Pimax reveals a new lineup of VR headsets, the most affordable of which coming in at under $500.
When Pimax announced its state-of-the-art VR headset back in 2017, users were blown away by the 200-degree FOV, 8K resolution, and custom knuckle motion controllers. As a result, the Pimax 8K also came with a whopping $1,200 price tag, which put the high powered VR headset out of reach for most average consumers.
Just yesterday at CES 2020 in Las Vegas, the VR company announced a new lineup of Pimax headsets that includes everything from the top of the line $1,200 model called the 8K X, as well as an entry-level PC VR headset called the Pimax Artisan, priced at a more affordable $449.
In total, Pimax revealed a whopping SIX VR headsets, each of which designed to satisfy a different type of user.
The Pimax Artisan comes at a really great time for VR. Both the Oculus Go and Oculus Quest were very popular gifts during the recent holiday shopping season, and the $449 price point puts the Pimax Artisan in direct competition with these standalone devices.
One thing to keep in mind, however, is that the $449 price tag only gets you the VR headset, which means you’ll have to fork over additional cash for controllers and base stations, and unlike the tetherless Quest, you will need to connect your Artisan to a PC running at least a GTX 1050 Ti or an AMD equivalent.
On the flip side, the Pimax Artisan does promise better visuals and more power than that offered by the Quest. The Artisan features two 1700 x 1440 LCD panels plus RGB strip matric panels and refresh rates of up to 120Hz. The Quest, on the other hand, features 1440 x 1600 OLED panels with a refresh rate of 72Hz. The Artisan also boasts a generous 180-degree field of view, offering a much more immersive visual experience when compared to the Quest’s 100-degree FOV.
For Pimax, offering multiple levels of VR headsets means they can get their hardware into the hands of everyone from first-time users to long-time veterans looking to upgrade or expand upon their current VR setup. Whether they be eSports gamers, corporate trainers, researchers using VR for medical use, or even government agencies exploring scenario training, Pimax hopes this new lineup of hardware has a little something for everyone.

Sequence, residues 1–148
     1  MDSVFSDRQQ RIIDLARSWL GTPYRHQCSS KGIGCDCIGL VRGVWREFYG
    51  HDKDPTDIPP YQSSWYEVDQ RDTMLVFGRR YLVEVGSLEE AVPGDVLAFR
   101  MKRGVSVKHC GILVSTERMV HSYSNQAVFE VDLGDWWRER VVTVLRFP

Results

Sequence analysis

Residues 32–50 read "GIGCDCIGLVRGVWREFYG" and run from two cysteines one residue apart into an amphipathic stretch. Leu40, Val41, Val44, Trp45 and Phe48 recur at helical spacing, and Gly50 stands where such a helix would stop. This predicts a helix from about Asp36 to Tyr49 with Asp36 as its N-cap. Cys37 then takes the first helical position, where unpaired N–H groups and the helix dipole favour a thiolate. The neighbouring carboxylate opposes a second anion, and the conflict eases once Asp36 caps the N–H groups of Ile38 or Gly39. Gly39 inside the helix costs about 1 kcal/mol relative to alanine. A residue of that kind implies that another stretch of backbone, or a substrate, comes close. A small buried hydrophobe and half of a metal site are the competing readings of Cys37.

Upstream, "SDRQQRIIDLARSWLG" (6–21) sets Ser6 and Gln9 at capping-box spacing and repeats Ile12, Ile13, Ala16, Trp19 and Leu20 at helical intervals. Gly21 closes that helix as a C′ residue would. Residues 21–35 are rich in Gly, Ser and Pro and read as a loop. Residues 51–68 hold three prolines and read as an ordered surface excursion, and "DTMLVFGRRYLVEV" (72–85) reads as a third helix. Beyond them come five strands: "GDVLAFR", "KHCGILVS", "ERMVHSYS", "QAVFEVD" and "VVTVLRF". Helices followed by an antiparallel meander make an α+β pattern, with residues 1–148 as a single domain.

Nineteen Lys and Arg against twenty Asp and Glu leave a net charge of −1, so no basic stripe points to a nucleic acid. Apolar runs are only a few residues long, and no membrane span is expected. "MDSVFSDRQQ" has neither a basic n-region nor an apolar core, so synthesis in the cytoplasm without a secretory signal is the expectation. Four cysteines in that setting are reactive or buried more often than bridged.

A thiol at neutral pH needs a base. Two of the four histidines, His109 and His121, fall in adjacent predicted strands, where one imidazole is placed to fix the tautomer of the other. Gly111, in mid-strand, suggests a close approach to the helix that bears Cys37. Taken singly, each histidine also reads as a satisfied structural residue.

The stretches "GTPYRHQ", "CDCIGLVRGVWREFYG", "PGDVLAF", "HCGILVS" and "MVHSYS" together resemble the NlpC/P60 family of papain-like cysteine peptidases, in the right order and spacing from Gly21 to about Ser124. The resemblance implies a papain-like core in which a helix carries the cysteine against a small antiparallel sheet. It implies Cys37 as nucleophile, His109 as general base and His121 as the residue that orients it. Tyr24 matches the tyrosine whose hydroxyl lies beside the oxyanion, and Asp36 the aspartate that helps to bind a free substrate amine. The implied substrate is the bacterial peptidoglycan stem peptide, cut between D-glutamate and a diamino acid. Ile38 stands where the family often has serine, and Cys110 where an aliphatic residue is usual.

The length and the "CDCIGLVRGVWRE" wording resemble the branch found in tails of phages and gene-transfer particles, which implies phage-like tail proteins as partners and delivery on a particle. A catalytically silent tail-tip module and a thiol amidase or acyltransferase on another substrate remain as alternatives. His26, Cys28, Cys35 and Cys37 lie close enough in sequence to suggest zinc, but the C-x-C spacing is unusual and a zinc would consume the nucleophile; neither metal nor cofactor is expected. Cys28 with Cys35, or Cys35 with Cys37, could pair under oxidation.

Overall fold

In order to push VR technology forward and continue motivating developers, offering multiple hardware options is essential, something Robin Weng, founder of Pimax is extremely adamant about.
“We are blessed with a hardcore and supportive VR community, together with whom we learn lessons and push the industry to the next VR Era,” said Weng in an official press release. “We are looking forward to more excellent content created on this platform and are calling for more industry personnel and VR enthusiasts to make this journey together. Only together can we achieve great things.”
I should mention that Pimax launched a Kickstarter campaign in 2017 with the hopes of raising $200,000. When all was said and done, they ended up raising over $4 million in just 45 days with a total of 5,946 backers. While those are no doubt some impressive numbers, a closer look at the companies Kickstarter comment page reveals that some of those backers are still waiting on hardware, which obviously isn’t sitting well with investors. But perhaps, now that the company is in full production of a new lineup of headsets, many of these issues will soon be addressed.
If you happen to be at CES, you can stop over and check out the Pimix Artisan headset along with the entire VR lineup at LVCC, South Hall 1, booth number 21520. Just be careful to not step on that little Charmin robot running around the CES show floor carrying toilet paper.
Feature Image Credit: Pimax